With barely any standing room, you may be lucky to snag a spot at the long counter that runs the length of the restaurant. But if you’d prefer to eat your slice with some elbow room, walk a few blocks to Sara D. Roosevelt Park and grab a bench.
33 Havemeyer St., Williamsburg, Brooklyn; bestpizzaofbrooklyn.com
It may seem overly confident to claim a name like Best Pizza, but this Williamsburg joint, opened by Roberta’s alum Frank Pinello, definitely delivers. The simple space itself isn’t much to celebrate, which is essentially a handful of slate-top tables and a chaotic assortment of decorated paper plates that line the walls and ceiling. But you’re not here for the decor—it’s all about the pies: Don’t miss the wood-fired, white sauce pie, served with caramelized onions, Parmesan, and sliced mushrooms.
Three NYC locations: 261 Moore St., Bushwick, Brooklyn; 230 Park Ave., Midtown, Manhattan; 570 Lexington Ave., Midtown, Manhattan; robertaspizza.com
When Roberta’s first opened in Bushwick in 2008, it instantly became a Brooklyn staple, drawing hipsters from all corners of the five boroughs. The graffitied building with no-frills decor and an outdoor tiki bar deemed this the place to be, but its quality pizzas has kept the crowds coming (and the restaurant brand growing; it has since launched two Manhattan outposts).
The wood-fired Margherita pie with a light and fluffy crust could alone warrant the restaurant’s inclusion on this list, but its specialty offerings make it easily one of the absolute best in the city. For a flavor overload, try the Beastmaster, made with tomato, mozzarella, gorgonzola, pork sausage, onion, capers, and jalapeños.
19 Old Fulton St., DUMBO, Brooklyn; julianaspizza.com
Patsy Grimaldi spent years serving some of the best slices in Brooklyn before selling his namesake pizzeria in 1998; in 2012, he reopened under the name Juliana’s in the DUMBO neighborhood. All pies are made in the restaurant’s original coal-fired oven—the one Grimaldi cooked in for decades before selling the space; the Specialty No. 4, made with tomato, mozzarella, arugula, and prosciutto, is a must-try.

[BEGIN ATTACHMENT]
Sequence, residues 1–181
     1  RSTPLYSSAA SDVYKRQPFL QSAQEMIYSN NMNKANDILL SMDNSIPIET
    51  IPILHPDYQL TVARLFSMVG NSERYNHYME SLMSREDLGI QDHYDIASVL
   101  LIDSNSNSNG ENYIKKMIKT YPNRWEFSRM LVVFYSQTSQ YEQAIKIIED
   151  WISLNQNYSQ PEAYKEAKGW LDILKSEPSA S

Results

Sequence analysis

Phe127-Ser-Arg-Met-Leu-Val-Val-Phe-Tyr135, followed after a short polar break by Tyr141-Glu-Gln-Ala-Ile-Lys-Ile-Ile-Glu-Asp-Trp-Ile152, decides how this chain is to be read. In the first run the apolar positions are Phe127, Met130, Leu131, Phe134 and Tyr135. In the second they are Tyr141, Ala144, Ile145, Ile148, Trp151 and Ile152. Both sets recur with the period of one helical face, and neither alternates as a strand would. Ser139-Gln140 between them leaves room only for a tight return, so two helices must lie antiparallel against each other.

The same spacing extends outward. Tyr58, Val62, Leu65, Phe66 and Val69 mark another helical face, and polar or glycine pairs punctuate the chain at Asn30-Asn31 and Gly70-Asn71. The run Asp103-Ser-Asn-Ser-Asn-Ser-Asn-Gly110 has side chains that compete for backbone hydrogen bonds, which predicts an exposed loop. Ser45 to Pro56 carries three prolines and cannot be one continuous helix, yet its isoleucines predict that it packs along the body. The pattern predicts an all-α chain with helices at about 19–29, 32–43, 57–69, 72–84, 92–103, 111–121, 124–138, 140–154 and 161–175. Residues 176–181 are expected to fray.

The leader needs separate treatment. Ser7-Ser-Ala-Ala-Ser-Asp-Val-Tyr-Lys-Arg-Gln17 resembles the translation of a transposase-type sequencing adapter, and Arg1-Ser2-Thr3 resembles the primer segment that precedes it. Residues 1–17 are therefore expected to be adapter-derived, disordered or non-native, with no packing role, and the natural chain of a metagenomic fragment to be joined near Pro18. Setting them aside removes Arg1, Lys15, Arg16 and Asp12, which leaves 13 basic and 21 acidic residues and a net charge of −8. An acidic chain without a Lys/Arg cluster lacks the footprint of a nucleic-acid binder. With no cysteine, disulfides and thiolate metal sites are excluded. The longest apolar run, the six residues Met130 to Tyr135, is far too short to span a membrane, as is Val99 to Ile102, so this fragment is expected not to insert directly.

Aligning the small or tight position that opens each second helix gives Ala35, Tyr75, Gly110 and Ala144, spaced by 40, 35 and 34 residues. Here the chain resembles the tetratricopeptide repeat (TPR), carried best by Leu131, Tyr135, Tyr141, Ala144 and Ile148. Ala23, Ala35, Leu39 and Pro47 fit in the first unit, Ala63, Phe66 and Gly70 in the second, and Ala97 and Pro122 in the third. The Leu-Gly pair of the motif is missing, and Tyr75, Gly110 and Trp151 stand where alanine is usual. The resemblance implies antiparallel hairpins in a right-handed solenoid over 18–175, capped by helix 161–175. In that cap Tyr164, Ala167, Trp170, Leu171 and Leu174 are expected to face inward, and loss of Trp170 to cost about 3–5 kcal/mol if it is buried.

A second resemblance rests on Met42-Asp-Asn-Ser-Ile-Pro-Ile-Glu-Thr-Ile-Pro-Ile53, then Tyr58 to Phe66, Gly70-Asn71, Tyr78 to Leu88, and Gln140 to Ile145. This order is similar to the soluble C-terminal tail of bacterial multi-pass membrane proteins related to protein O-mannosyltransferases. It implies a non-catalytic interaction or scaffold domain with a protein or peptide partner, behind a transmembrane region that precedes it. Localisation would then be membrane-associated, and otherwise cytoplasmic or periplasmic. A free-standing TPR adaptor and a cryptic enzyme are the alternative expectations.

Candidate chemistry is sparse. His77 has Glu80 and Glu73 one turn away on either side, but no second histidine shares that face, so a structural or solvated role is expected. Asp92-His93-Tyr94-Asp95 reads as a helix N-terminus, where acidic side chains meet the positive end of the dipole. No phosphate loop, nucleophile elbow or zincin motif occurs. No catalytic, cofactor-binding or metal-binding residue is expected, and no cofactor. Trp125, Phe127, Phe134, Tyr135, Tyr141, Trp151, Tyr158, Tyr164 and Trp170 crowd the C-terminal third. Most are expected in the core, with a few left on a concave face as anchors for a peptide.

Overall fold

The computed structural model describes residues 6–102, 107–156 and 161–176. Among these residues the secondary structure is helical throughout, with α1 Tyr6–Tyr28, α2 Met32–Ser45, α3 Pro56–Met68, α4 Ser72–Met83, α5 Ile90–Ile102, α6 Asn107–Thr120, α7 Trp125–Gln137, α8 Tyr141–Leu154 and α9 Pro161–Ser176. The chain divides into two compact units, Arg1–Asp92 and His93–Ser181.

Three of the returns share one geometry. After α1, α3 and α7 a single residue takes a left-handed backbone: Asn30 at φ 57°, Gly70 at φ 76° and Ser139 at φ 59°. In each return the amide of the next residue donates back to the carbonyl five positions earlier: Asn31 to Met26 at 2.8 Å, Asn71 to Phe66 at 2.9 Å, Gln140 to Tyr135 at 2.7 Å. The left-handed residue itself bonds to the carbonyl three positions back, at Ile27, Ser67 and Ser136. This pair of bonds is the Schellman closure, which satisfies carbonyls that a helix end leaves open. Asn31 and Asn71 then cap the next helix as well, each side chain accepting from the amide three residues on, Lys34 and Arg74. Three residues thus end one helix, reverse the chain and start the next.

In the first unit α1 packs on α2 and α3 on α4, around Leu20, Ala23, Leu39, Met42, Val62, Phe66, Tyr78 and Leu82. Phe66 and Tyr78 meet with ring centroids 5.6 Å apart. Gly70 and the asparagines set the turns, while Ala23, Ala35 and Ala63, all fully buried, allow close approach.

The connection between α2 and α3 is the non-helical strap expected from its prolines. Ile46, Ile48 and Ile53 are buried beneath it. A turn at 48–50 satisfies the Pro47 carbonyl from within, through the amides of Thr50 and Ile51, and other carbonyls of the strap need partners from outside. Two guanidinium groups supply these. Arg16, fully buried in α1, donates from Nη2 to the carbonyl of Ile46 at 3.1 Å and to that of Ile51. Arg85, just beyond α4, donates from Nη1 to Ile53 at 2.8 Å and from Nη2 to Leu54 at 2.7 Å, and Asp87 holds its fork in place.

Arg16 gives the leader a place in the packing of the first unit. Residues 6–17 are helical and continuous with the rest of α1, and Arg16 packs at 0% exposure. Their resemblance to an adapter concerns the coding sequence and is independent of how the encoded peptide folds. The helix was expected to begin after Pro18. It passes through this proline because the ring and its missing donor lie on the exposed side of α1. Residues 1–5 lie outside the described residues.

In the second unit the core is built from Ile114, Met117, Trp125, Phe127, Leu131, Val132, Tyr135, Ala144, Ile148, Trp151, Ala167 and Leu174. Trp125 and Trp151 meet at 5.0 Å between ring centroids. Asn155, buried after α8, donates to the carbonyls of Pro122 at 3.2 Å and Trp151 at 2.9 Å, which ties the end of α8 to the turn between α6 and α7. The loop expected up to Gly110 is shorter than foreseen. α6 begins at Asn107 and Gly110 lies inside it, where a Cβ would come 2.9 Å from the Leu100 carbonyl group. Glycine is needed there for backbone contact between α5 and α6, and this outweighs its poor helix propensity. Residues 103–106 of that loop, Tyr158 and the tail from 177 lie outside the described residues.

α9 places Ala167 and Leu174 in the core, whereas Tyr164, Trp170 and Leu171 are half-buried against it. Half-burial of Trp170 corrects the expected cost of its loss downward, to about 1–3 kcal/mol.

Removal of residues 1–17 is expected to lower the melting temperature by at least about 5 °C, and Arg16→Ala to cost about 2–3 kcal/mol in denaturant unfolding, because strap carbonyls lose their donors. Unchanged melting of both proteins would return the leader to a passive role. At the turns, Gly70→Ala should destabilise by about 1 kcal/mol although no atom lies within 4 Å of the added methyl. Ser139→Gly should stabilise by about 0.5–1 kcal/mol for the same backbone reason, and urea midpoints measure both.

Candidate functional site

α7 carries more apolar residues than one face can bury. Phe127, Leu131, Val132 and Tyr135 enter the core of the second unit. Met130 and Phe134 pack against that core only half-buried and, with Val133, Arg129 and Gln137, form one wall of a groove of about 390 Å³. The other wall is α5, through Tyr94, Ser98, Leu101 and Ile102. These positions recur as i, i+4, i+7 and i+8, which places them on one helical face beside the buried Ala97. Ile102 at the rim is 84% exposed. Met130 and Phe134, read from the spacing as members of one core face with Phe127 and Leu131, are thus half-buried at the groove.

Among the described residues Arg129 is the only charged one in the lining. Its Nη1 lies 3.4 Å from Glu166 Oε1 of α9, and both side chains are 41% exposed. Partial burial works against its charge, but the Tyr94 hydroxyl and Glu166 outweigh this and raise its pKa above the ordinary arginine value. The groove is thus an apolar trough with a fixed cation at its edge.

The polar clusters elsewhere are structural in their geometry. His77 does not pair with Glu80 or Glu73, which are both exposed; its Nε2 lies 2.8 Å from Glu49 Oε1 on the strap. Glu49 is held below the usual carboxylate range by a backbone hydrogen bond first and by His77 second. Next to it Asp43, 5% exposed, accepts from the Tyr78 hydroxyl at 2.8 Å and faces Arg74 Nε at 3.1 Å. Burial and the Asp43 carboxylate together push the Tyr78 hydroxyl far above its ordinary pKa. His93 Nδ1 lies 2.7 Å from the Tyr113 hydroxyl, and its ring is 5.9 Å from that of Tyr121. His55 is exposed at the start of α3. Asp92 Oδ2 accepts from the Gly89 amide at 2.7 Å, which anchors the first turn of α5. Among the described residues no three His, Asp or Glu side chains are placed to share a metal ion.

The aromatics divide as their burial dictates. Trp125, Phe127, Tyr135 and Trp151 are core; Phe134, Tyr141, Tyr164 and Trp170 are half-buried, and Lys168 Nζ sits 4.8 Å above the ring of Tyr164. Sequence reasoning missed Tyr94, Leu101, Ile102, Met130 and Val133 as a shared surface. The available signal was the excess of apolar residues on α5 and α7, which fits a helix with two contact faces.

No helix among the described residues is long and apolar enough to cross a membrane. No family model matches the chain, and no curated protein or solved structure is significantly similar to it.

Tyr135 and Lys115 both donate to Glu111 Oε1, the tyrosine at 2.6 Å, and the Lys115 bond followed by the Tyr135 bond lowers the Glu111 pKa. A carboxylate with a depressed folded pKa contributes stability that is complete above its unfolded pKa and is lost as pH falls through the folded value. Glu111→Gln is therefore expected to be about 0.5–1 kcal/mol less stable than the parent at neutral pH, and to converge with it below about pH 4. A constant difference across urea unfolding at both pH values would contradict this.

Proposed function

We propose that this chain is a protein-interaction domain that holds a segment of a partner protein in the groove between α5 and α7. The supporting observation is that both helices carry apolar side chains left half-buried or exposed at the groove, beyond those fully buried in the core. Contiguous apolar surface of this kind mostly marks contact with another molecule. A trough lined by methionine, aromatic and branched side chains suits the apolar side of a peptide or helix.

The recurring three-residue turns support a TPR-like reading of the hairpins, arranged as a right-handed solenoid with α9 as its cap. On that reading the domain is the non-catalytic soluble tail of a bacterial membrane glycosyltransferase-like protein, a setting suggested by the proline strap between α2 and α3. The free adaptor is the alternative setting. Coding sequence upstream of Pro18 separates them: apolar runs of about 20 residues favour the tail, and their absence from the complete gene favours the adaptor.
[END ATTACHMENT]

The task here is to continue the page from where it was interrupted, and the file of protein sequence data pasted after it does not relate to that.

Two NYC locations: 524 Port Richmond Ave., Staten Island, deninossi.com, and 93 MacDougal St., Greenwich Village, Manhattan, deninosgreenwichvillage.com
With a history stretching back to the 1930s, Denino’s is a tried-and-true New York City staple. Happily, as of 2016, Manhattanites need no longer make the trek to the original Staten Island location, as they have a second spot right in Greenwich Village.
What makes this pizza joint so popular is its focus on creating a light pie with a super-thin crust and its low and slow cooking technique—the pies are baked in a gas oven at 575 degrees Fahrenheit for a longer time, compared to most wood- or gas-fired pies that are generally cooked at 800 degrees. Be sure to order the clam pie, made with garlic, parsley, olive oil, and a sprinkle of Parmesan cheese—no sauce needed.
Razza Pizza Artigianale
275 Grove St., Jersey City, NJ; razzanj.com
This artisanal spot may not technically fall within the five boroughs, but it was recently declared (somewhat controversially) the “Best Pizza in New York City” by the New York Times—and we have to likewise extend the boundaries for this list because we wholeheartedly agree. Only an 8-minute PATH train ride away from Manhattan’s World Trade Center, Razza Pizza Artigianale, in Jersey City, New Jersey, looks straight out of Naples with its unfinished green and gray plaster walls, exposed kitchen, and simple wood tables and chairs. W
hether or not you agree with the Times designation, the one thing that can’t be argued with is the quality of these pies. The Di Natale can only be described as perfection with its fresh tomato sauce, gooey mozzarella, olives, pine nuts, raisins, garlic, basil, and zesty chili oil finish. And compared to most NYC spots, the prices can’t be beat, with whole pies selling for just $12 to $18.